Google ngram of "unhappy medium"

A Google search on "strike an unhappy medium" gets 536 results, "find an unhappy medium" gets about 3,590 results. Also, "An Unhappy Medium" is the name of a recent novel by Dawn Eastman, who has a penchant for wordplay in her book titles.

0

There is always the rotten compromise, although the rot may affect the sides in an unbalanced fashion.

As an aside: The German Wikipedia article claims that compromise has different connotations in Britain and the Commonwealth compared to the United States: In Britain the ability to find a compromise is regarded a virtue; in the United States, the negative connotation of a "compromised" principle is stronger. One could speculate that compromises are generally in higher regard in countries that never went through a revolution but reached their current state through a succession of mutual agreements.

8
  • but that's not "a figure of speech", it's just a book title, a phrase the guy was using
    – Fattie
    Aug 26, 2021 at 12:16
  • 1
    @Fattie He used that phrase because it was around; but admittedly, it may be more common in German. In any case I have replaced the link with one to a list of uses. It's been around at least since Trotsky (whose utterings, or utterings to whom may, of course, have come into English through other languages, like German... Aug 26, 2021 at 13:13
  • 1
    I am sorry (1) it is simply not, in any way at all, whatsoever, a figure of speech (this list deals with English) (2) the new link is a list of sentences that happen to use the two words separately in different parts of the sentence, perhaps proving (not that it needs to be proved) that if you search on the phrase you ... don't find any, heh :)
    – Fattie
    Aug 26, 2021 at 13:26
  • @Fattie Are we reading the same list? Entry 1: "what is called a rotten compromise". (2) "A rotten compromise is taken to be a compromise ..." (3) "Despite advice to refuse "any rotten compromise", Trotsky did ..." (4) "such disputes end up with rotten compromises ..." (6) "the spirit of compromise in politics, while warning against rotten ones ..." etc. It may not be abundant but it has been in use for at least 100 years or so. Aug 26, 2021 at 13:52
  • "compromise" in French has a rather positive connotation and we had and have revolutions as a national sport.
    – WoJ
    Aug 26, 2021 at 15:33
0

I would call it the intersection of two hard lines,

from "hard line" meaning "uncompromising".

0

I'm not aware of this being in widespread usage, but I would call this a 'losing compromise' and expect the meaning to be understood by English speakers as something along the lines of what you asked for. It's a bit less gruesome than "splitting the baby", and more specifically naming the compromise compared to similar wording like "lose-lose situation".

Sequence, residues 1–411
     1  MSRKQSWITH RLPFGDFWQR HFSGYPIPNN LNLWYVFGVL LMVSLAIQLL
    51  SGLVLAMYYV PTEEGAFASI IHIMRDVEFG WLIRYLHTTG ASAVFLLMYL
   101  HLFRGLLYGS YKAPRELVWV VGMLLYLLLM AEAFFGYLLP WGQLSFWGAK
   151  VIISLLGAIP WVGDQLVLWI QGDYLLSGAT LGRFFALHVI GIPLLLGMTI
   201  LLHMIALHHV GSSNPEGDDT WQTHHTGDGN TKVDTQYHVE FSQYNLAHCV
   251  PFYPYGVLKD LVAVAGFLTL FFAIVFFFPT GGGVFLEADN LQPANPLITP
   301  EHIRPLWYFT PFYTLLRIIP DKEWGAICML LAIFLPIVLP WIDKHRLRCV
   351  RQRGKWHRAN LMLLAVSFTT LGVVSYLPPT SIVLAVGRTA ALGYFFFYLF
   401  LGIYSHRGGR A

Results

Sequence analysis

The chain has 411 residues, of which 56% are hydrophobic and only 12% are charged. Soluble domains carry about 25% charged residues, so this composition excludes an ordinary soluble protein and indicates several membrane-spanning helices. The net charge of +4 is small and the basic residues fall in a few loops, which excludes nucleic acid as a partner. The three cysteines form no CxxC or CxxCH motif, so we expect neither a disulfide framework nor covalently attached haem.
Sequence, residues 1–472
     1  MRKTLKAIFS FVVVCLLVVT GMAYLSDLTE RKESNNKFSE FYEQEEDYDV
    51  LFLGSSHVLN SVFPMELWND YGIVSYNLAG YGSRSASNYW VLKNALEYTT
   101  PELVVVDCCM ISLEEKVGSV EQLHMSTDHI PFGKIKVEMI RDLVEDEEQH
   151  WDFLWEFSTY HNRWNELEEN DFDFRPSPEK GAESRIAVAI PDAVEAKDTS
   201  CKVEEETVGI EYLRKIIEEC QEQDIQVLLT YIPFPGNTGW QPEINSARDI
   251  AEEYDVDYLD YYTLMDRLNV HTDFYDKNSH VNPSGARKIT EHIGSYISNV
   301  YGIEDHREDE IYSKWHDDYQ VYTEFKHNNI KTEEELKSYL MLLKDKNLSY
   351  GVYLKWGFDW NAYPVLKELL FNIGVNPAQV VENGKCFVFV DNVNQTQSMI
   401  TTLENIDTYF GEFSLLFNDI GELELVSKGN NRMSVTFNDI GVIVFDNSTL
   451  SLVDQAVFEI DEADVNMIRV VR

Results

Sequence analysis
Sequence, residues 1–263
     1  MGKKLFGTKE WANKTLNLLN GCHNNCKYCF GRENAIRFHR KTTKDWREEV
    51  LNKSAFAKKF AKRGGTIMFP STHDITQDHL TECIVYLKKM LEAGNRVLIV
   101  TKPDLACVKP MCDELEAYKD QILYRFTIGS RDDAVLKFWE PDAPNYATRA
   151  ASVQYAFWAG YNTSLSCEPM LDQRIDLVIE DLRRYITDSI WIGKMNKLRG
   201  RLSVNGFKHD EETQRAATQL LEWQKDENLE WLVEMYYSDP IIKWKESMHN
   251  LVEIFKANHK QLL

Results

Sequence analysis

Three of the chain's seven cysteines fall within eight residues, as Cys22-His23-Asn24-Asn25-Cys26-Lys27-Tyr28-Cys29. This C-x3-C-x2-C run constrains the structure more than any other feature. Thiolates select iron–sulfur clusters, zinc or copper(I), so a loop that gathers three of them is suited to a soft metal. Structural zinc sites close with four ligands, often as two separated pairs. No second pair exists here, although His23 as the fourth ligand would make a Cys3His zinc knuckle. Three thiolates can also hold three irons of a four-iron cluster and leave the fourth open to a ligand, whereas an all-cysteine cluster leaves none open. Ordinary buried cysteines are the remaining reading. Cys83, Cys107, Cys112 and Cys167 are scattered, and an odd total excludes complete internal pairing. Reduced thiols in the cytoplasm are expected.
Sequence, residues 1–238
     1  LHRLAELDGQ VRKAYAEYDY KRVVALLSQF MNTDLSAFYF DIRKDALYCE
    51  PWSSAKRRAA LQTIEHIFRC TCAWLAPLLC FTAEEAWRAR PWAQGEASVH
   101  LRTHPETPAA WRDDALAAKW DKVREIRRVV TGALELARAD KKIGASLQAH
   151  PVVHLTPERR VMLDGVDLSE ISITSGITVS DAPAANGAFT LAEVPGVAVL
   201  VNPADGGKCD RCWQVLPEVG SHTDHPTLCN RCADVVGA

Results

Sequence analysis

-1

A zero sum compromise.

It's a novel phrase that encapsulates both the agreement to a compromise, and the net effect that nothing is gained from such a compromise, other than the compromise itself.

No party to the compromise comes away satisfied.

--Edit--

Sources that support this interpretation:

Fisher, Max. “Why Democrats Should Run on National Security.” The Atlantic, February 22, 2010. https://www.theatlantic.com/politics/archive/2010/02/why-democrats-should-run-on-national-security/36367/.

Mansbridge, Jane. “Deliberative and Non-Deliberative Negotiations.” SSRN Electronic Journal, 2009. https://doi.org/10.2139/ssrn.1380433.

Psych Central. “OCD and the Tortures of Scrupulosity,” April 28, 2018. https://psychcentral.com/blog/ocd-and-the-tortures-of-scrupulosity.

“Session 1.4 Handout - Medi(t)Ation.Pdf.” Accessed August 28, 2021. https://www.cadreworks.org/sites/default/files/sessions/Session%201.4%20Handout%20-%20Medi%28t%29ation.pdf.

“Social Psychology | Evidence-Based Methods for Inter-Group Civility. | CivilPolitics.Org,” January 7, 2011. https://www.civilpolitics.org/social-psychology/.

Defense One. “What Clinton’s Foreign Affairs Article May Mean for the Defense Budget.” Accessed August 28, 2021. https://www.defenseone.com/ideas/2020/10/what-clintons-foreign-affairs-article-may-mean-defense-budget/169557/.

5
  • 2
    This is incorrect. In a zero sum compromise, one party gets what the other loses, so that the winnings and losses total 0. One party is, in fact, satisfied.
    – Laurel
    Aug 27, 2021 at 14:41
  • It's not "incorrect", it's metaphorical.
    – Jerry
    Aug 27, 2021 at 15:05
  • 1
    Incorrect as in that’s not what the expression means according to reputable sources (where it is almost always talked about with the name it is known as according to game theory). For example: investopedia.com/terms/z/zero-sumgame.asp . (If you have sources that would support your interpretation, then you should include them in your answer.)
    – Laurel
    Aug 27, 2021 at 15:11
  • It's intended to be poetic license. If that doesn't belong here, that's fine.
    – Jerry
    Aug 27, 2021 at 15:18
  • 3
    Negative sum, not zero sum. Aug 27, 2021 at 17:15

Not the answer you're looking for? Browse other questions tagged or ask your own question.